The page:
I believe without a doubt we are on the brink of a crisis that will make the crisis of 2008 look like no big deal. There’s plenty of time for me to lay out the case, and I’ll do that in future posts. Today, I wanted to focus on the topic of becoming a successful investor.
In the past, I’ve touched upon my views on how to become a great investor. Admittedly, I penned that piece when I was more raw (I was 27 at the time). The last 3 years out in the real world of money management have afforded me a more nuanced perspective. I am more convinced than ever that you must be a voracious reader to have any chance against the big boys in investing. If you are not front-running clients (which is more a product of technical savvy than investment savvy) you must read to make outsized returns.
I’d like to think my readers appreciate my transparency. When I buy gold, I say so publicly. When I think silver is a huge bubble, I say so publicly. Also, when I go against the crowd and call the bottom in real estate, I do so publicly. I nearly tripled my initial investment in real estate in 3 years. I’m actually investing in size whenever I recommend something; I’m not an armchair investor. This is called real world vs theoretical investment skill.
Anyway, I would go as far as to say that it is impossible to become a great investor without a significant breadth and depth in reading. Warren Buffett’s more outspoken partner Charlie Munger once said: “I’m not entitled to have an opinion unless I can state the arguments against my position better than the people who are in opposition. I think that I am qualified to speak only when I’ve reached that state.”
And quite frankly, there’s no way to state the opposing viewpoint intelligently without having a broad base of knowledge. A preponderance of knowledge, really. I know from life experience that no normal person studies the opposing position with more rigor than their own position. But that’s precisely why great investors and great thinkers are rare. You must be fervent about uncovering the truth; after all, what’s investing besides truth discovery?
Fill Your Holes In Knowledge
Maybe I’ll take a picture of the books in my library one day. But for someone known as an investor, you’d be surprised how many books I have about history, philosophy, technology, marketing, science, health, psychology, religion, and any number of other topics. I’m on pace to read about 200 books this year…while managing a growing fund. So reading is not something I try to find time to do; reading is absolutely, 100% fundamental to my investment success.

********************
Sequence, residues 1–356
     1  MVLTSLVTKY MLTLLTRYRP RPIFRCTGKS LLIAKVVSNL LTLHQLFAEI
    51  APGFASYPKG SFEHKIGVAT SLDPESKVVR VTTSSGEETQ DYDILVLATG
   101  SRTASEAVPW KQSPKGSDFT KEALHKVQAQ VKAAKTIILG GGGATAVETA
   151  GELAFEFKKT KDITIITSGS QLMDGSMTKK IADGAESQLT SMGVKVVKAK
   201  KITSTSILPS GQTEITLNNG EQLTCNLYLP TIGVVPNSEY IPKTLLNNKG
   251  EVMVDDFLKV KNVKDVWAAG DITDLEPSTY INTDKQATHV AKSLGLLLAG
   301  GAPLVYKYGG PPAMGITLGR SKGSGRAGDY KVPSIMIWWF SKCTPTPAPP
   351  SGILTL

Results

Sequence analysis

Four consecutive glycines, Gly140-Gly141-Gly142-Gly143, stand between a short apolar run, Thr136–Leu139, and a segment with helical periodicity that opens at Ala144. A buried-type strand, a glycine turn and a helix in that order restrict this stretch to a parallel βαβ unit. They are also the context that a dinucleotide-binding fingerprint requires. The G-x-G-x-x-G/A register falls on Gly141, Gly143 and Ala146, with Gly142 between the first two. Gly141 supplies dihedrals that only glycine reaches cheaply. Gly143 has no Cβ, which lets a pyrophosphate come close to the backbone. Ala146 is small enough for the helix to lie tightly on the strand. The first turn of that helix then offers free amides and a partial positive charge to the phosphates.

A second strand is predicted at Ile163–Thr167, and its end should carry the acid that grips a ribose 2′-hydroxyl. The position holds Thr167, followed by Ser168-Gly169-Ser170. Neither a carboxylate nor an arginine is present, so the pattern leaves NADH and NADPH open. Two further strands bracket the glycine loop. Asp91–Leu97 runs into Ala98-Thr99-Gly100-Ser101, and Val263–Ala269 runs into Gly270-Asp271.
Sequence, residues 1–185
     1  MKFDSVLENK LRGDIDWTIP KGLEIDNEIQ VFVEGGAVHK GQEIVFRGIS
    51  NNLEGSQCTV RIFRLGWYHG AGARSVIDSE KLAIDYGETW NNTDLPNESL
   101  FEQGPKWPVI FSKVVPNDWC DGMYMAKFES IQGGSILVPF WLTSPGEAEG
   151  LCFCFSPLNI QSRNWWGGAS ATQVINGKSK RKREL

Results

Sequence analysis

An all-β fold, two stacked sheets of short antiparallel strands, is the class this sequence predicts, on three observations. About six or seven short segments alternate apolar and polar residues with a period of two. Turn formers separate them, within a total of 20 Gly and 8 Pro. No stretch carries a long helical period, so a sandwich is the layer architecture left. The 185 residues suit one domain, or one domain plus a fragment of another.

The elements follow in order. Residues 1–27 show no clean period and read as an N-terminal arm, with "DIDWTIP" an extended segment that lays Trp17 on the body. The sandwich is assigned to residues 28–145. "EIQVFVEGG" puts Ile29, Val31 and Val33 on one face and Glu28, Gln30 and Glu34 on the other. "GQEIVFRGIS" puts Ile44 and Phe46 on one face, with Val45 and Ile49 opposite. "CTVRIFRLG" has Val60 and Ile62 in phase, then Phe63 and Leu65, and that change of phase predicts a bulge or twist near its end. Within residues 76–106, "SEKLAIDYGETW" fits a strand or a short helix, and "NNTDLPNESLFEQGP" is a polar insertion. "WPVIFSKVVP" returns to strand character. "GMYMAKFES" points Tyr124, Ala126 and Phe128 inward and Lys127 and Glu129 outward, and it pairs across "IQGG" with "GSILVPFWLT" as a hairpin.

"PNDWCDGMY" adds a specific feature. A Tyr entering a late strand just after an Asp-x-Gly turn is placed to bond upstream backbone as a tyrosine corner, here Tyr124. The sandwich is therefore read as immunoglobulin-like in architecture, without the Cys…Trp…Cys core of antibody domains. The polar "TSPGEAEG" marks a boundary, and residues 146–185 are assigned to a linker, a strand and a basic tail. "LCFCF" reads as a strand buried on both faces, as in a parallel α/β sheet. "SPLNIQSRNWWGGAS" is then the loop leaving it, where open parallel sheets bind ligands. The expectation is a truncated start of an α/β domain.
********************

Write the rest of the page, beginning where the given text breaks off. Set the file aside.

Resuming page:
To me, everything is connected. If I learn about Petrarch and the Renaissance, it helps me make connections. Knowing Roman history helps. Knowing the history of technology helps. In order to formulate a strong narrative about the future, you must have a semblance of a coherent narrative about the past.
Anyway, people ask me for reading recommendations all the time. First of all, I would peruse Buffett’s annual letters circa 1980. They will help you navigate the current environment if you understand what he’s trying to say. One of the better books I’ve read this year is Average is Over by Tyler Cowen, which I feel is a very, very important book to understand the future. The book was recommended to me by Ryan Holiday, who is a fellow reading addict and best-selling author. I’ve read his books The Obstacle is the Way and Trust Me I’m Lying: Confessions of a Media Manipulator, and I swear, they have given me new insights that have helped my investing tremendously. I’ll try to put up more reading recommendations with a short synopsis, but if you want books to read right now with a brief description, you should check out his site and read the books he recommends (I’ve read about 10 of his recommendations myself).
The reason I wrote an entire post about reading is that quite honestly a lot of what I say will make absolutely no sense if you don’t have a solid foundation in various topics (yes I know this is a pompous comment to make, but it’s true: you need to have a rudimentary awareness of your blindspots). And if it makes no sense, you might not act on recommendations I make that are logical and rational. And this time around, it will be pure financial suicide to ignore the crisis that is going to rock the entire world. Trust me on this.Follow